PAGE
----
It felt like there were two technologies that loomed over the Consumer Electronics show this year: 3-D televisions and content, and e-readers. As I discussed in this week's podcast, a lot of the e-readers on the show floor seemed to be copycat devices. They looked a lot like the Amazon Kindle or Sony Reader, with a small tweak thrown in here or there. It's hard to get excited about a product that has the same features with a different brand name.
But after I got my hands on Plastic Logic's QUE, I instantly saw what all the hype was about. The reader is thin and slick, worlds away from the beige boxiness of the Kindle. And rather than sporting chintzy little keys and buttons, the entire surface of the QUE is a capacitive touch screen that seemed more responsive than any other I tried. Additionally, the software and graphics were top notch. Although it's priced way higher than bargain e-readers ($649 for the basic Wi-Fi model and $799 for a 3-G wireless model when they're available in April), I'm willing to bet there will be plenty of potential buyers. Plastic Logic has tailored the QUE to mobile professionals, which makes sense, because they're the ones who can actually afford it.
To get a feel for the QUE's features and see it in action for yourself, check out the video below.
What sets the QUE apart is right in the company's name: plastic. While the QUE uses the same E-Ink frontplane as most e-readers, Plastic Logic replaces the traditional glass backplane with one of thin, flexible plastic. When the company first started working on the device, they wanted to exploit the advantages of plastic by designing for a bendable screen. They even spent considerable R&D time figuring out how to house all the rigid components in a binding along the side. But when users got their hands on prototypes, they hated the flexibility- it was difficult to hold a floppy screen with one hand, and tricky to write on.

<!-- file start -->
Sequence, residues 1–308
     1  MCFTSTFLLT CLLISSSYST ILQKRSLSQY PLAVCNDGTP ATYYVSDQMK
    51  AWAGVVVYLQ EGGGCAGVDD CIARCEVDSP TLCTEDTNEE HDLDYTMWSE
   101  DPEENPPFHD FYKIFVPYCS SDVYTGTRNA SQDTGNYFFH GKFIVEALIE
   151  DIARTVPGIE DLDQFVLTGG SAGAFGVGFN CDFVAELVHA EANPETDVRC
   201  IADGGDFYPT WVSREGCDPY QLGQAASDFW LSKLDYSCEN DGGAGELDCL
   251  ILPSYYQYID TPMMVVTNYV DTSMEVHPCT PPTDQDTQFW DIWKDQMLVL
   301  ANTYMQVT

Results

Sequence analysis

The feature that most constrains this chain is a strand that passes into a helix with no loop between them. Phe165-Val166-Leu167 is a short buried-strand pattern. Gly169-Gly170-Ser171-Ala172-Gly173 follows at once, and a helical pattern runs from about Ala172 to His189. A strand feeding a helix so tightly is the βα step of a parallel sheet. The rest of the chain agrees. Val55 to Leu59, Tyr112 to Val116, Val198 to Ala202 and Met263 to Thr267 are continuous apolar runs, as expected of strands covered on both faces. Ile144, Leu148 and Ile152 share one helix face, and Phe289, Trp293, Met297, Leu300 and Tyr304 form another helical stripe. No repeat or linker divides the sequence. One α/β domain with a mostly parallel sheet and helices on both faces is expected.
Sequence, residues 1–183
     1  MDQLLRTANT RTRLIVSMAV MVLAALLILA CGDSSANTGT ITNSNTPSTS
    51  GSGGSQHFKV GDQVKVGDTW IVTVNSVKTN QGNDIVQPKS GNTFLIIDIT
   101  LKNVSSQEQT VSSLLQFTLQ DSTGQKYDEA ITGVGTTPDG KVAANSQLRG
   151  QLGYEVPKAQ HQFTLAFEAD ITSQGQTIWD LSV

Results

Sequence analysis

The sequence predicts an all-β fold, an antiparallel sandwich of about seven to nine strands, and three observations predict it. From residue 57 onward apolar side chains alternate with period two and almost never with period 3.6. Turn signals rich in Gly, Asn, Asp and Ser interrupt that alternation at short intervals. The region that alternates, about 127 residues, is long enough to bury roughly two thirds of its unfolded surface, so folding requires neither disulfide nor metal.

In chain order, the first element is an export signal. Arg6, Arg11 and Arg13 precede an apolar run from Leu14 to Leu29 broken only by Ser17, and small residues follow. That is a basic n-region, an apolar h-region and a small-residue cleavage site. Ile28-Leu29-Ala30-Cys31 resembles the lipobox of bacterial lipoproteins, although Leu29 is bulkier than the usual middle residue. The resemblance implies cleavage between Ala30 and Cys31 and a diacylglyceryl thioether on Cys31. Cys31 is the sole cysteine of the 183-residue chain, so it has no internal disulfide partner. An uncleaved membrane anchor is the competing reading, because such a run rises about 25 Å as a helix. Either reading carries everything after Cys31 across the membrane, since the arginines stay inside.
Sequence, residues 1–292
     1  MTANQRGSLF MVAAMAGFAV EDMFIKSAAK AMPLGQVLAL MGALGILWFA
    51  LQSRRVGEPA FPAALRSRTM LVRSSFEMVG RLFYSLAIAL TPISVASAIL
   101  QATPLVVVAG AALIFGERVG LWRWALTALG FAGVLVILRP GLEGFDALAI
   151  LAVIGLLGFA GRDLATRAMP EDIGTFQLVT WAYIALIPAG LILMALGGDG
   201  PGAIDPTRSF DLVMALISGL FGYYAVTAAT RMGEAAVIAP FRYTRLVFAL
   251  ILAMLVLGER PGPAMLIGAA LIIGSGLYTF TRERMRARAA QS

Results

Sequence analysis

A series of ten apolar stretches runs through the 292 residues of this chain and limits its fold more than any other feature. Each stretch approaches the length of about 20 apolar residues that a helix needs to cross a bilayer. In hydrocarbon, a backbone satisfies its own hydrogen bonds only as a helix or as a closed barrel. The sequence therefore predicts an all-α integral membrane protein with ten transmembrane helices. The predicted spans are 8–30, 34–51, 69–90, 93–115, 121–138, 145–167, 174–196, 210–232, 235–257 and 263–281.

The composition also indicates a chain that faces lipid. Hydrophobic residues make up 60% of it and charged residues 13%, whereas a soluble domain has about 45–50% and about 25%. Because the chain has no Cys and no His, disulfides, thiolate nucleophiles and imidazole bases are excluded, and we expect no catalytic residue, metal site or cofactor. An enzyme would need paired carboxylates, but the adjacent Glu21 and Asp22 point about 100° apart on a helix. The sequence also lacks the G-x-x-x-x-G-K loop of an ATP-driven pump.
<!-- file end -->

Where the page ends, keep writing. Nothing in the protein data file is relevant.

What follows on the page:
So Plastic Logic redesigned the reader to have a traditional tablet form-factor. The flexibility of the plastic still comes in handy, though; it allows the reader to be durable and super-thin at the same time. When I first picked up the QUE, it was so light that I worried about breaking it. This was unfounded. Plastic Logic claims it should survive normal drops and bumps as well as a typical cell phone. (When Spectrum toured the fabrication facility last year, one of Plastic Logic's vice president demonstrated that the screen could even take a punch.)
So far, it looks like Plastic Logic's unique technology (combined with an Apple-esque sense of design and usability) has placed it far ahead of the pack. I wouldn't be surprised if at next year's CES, the QUE becomes the new standard that other manufacturers try to rip-off.
(For the record, I shouldn't be so surprised that the QUE is so great. Back in 2007, Spectrum readers voted that Plastic Logic had a winning technology by a margin of 15-1. To pick winners and losers this year, check out our annual "You Tell Us.")